The children’s interests have diverged, but I was even more conscious of the lack of pleasure they take in each other’s company. For the sake of harmony, I took three successive Fridays off work – each to spend with one of the kids at a place of their choice.

Eliza

Eliza was first and didn’t have strong views about what we should do. I suggested, with her GCSE art course looming, a visit to a gallery. We settled on Liverpool and my research took us to the Walker. Although she loves doing her own art, Eliza acknowledged she didn’t know much about the subject, or even what she liked. We wandered through the 20th Century gallery, pointing out what appealed to us (for me, a Freud portrait). Then we found some paper and pencils to take on the challenge of sketching jugs selected from a painting of a dozens of jugs in a loft.

The older paintings, other than the Impressionists, held less interest, so we went to the 2018 Moores Painting Prize Gallery. We looked really hard to find something we liked, but failed.

Eliza chose Nando’s for lunch, where she chattered and bubbled like the little girl she used to be.

Robin

I took Robin and his friend A, to a water-park. We lunched on Subways – 12 inches allowed – before entering the indoor park which by early afternoon was heaving with holiday children. We toured the pool, tried the lively lazy river, the simplest of slides and braved the outside pool, before dashing back inside.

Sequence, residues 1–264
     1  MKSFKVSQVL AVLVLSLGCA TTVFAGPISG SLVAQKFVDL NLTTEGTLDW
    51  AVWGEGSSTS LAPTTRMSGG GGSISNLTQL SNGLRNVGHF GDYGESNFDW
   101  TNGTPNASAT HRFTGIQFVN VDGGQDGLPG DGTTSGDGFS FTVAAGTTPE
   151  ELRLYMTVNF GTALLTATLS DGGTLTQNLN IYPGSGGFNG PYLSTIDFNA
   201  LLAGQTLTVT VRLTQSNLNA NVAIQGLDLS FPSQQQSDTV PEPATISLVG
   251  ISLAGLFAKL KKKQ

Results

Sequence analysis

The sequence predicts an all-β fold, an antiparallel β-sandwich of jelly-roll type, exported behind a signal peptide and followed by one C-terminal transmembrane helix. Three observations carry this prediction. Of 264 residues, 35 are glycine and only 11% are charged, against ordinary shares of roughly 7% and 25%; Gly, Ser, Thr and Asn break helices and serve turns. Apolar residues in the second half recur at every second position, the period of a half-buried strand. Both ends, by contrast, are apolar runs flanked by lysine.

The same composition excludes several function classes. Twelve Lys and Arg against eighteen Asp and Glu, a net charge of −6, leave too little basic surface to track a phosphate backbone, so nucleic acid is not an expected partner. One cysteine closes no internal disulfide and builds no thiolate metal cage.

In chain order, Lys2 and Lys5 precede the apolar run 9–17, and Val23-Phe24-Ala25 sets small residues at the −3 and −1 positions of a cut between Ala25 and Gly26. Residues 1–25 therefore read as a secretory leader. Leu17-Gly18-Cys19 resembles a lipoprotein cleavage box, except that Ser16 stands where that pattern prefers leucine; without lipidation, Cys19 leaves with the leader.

After an hour, the boys decided to queue for one of the major slides. For the next two hours, they moved from queue to slide to queue, before returning for a waffle by which time we were almost the last to leave as the centre was being tidied up and closed. In the car on the way home, Robin dropped off to sleep.

Gabe

Gabe wanted to go somewhere historical, so complete has been his evolution into a serious student of history. I offered a couple of options, but then settled on Little Moreton Hall, the archetype of a Tudor mansion.

We walked the public areas of this odd, rambling but beautiful building. Gabe, unlike every other visit to somewhere of cultural interest, showed no impatience, content to wander, read and discuss. We took the guided tour, which answered our questions about who, when and how this hall had come about. I had expected Gabe to be unkind about the guide’s laboured jokes, but I was wrong. We had lunch in the tight, little restaurant with a curious menu – Gabe finding only a scone appealing.